Was Jesus The Only One To Rise From The Dead In The Bible?

The divinity of Jesus is as fundamental to Christianity as the faith in his resurrection: That following his crucifixion, Jesus rose from the dead three days later and ascended into heaven. The book of Revelation names him "firstborn of the dead" — that is, he is taken as the first to lead the way to resurrection and eternal life after death in God's coming kingdom, per Christianity.com. But the concept of resurrection was not unique to early Christianity. From Osiris in the Egyptian pantheon to the phoenix of Greek mythology, divine or magical beings rising from the dead was a widespread theme.

Nor is Jesus's resurrection the only such instance within the Christian tradition. The Gospels contain several instances of Jesus raising others from the dead. The most famous is the resurrection of Lazarus in John 11, but he also revived the son of a widow in Luke 7 and the daughter of Jairus in Luke 8. In Matthew 27, on the death of Jesus, the tombs of holy men broke open, and after his resurrection, they too walked the Earth again.

What sets Jesus' resurrection apart from those he facilitated in Christian thought is the ascension. Jesus didn't return from death only to die again after a natural lifespan, but went straight back to God, paving the way for others. The title given to him in Revelations is presaged by Jesus's own words in John 14: "Because I live, you also will live."

Elijah and Elisha resurrected people in the Old Testament

Resurrection predates Jesus in the Bible by centuries. In fact, the story told in Luke 7 — of Jesus resurrecting the son of a widow — echoes an episode from the Old Testament. In the first book of Kings, God commanded Elijah to go to Zarephath and seek out a widow for food and shelter. The widow only had flour and olive oil to sustain her during a drought, and Elijah told her that neither of her meager stores would be exhausted until rain came to Zarephath — and so it was. But her son grew ill and died, and after seeing the widow's grief, Elijah put the boy on a bed and beseeched God to resurrect him.

Elijah's disciple, Elisha, also had the power of resurrection — he revived the son of a Shunammite woman in the second book of Kings. Elisha foretold the boy's birth, but some time after it came to pass, the boy complained of a headache and died. At first, Elisha tried to revive the boy by having his servant place his staff on the child's face. When that failed, Elisha prayed to God and laid himself over the boy, who gradually came back to life.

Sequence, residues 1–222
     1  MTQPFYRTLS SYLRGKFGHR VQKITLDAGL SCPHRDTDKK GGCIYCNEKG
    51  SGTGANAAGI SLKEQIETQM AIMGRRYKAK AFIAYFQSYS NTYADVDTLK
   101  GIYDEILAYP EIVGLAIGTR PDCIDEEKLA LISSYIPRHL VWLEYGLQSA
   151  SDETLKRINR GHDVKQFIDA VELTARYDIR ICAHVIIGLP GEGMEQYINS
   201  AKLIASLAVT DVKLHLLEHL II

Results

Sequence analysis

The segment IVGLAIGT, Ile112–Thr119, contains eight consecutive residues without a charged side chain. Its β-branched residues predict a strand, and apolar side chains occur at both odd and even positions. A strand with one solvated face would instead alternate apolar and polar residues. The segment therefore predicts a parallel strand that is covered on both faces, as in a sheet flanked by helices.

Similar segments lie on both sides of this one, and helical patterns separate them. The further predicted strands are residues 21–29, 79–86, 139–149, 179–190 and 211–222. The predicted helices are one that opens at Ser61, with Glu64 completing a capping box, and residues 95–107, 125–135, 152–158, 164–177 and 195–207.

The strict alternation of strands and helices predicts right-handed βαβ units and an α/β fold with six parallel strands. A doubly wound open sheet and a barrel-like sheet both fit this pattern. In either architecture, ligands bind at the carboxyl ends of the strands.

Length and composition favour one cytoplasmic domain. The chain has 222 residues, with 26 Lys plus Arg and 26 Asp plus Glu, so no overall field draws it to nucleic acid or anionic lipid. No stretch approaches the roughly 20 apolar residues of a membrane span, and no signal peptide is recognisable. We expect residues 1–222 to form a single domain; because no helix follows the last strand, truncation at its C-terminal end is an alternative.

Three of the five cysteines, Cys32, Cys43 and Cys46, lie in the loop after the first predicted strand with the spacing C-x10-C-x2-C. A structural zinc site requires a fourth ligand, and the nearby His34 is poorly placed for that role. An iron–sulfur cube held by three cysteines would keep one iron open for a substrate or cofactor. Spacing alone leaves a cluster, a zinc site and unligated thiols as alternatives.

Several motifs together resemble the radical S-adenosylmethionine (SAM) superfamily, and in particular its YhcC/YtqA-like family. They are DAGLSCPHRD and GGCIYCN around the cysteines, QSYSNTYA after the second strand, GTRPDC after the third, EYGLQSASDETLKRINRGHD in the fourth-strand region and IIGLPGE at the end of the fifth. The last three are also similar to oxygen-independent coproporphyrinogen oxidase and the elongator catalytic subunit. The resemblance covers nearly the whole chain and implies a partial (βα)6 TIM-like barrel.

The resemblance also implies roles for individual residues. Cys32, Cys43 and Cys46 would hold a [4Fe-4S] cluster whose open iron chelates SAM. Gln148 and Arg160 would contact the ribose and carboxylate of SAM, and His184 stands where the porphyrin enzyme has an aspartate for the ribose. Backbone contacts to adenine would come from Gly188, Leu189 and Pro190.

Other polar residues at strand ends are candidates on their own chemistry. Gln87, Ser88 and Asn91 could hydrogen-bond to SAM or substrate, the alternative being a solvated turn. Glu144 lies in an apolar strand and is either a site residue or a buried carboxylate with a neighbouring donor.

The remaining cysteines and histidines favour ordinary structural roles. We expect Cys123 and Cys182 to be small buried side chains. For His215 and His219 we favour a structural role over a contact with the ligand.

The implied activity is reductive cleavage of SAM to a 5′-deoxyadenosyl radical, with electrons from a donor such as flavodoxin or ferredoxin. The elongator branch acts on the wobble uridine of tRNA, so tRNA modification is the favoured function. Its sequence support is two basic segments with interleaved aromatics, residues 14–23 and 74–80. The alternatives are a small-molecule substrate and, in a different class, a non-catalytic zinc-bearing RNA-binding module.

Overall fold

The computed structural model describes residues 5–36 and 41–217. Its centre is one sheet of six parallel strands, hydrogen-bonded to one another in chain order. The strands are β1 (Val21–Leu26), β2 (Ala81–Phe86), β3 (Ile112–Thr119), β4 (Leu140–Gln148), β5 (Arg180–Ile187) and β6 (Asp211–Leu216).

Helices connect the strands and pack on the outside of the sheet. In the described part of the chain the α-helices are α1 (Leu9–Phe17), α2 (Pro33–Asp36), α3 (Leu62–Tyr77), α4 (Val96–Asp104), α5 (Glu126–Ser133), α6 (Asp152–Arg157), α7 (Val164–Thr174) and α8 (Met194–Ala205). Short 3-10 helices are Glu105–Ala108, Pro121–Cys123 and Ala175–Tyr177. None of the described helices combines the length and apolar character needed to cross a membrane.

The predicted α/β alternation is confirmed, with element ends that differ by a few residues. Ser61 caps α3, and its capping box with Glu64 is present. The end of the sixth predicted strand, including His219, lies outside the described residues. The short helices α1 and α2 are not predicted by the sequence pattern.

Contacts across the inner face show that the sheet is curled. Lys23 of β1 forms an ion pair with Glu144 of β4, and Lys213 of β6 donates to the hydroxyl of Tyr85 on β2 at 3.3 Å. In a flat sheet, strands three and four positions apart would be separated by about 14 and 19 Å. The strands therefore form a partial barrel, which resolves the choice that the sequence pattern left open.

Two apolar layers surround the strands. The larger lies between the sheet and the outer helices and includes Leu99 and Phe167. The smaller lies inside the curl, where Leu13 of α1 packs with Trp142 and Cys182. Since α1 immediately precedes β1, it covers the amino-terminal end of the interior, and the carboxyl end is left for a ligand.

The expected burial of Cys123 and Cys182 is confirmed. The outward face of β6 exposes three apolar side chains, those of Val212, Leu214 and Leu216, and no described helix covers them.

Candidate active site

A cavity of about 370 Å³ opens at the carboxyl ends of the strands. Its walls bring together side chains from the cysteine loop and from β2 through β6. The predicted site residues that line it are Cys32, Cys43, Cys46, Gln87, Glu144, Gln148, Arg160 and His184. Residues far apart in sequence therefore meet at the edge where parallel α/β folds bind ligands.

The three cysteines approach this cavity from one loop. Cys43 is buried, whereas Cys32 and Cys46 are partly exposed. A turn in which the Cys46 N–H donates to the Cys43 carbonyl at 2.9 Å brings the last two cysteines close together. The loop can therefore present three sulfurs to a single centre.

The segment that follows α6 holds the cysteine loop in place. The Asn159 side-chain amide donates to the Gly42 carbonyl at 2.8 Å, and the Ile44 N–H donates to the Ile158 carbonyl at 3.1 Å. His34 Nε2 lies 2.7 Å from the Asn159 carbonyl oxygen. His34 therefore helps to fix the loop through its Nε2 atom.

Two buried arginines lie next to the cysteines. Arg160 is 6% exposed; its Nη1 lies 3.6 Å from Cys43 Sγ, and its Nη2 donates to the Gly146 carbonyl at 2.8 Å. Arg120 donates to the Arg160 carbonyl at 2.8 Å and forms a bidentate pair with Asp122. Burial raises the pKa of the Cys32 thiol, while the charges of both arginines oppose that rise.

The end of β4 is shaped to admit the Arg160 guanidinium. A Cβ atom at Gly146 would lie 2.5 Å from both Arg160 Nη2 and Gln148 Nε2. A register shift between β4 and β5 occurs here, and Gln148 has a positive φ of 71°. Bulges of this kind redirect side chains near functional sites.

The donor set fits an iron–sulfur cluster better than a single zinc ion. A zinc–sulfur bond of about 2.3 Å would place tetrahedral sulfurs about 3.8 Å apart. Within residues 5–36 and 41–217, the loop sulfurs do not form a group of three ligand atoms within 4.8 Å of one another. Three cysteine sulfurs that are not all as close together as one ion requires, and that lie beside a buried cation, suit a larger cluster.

Even after death, Elisha retained some power of resurrection. After his burial, a group of Israelites were trying to hold a funeral for a man when they saw raiders. They threw the man into Elisha's tomb, and he was revived when his body touched the prophet's bones.

Peter and Paul raised one man each from the dead

As acts of resurrections preceded Jesus, so did they follow him. After his ascension, his disciple Peter traveled the region, spreading the word of Christ. At the same time, Acts 9 recounts how there was a charitable, devoted woman named Tabitha (Dorcas in Greek) living in Joppa. When she fell ill and died, two disciples went to Lydda to intercept Peter, who was staying there at the time. Peter went with them, and upon seeing Dorcas lying dead in her room, he prayed to God and commanded her to get up. This she did, and the miracle converted many in Joppa to Christianity.

Later in the same book, St. Paul was traveling in Greece when he came to the city of Troas. There, while Paul held court, a young man named Eutychus sat in a window. He grew more tired the longer Paul's talk lasted, and it lasted until past midnight. When Eutychus finally fell asleep, he fell three stories and was killed. Paul revived him without even a prayer; he just threw his arms around the boy, declared him alive, and went back upstairs to eat.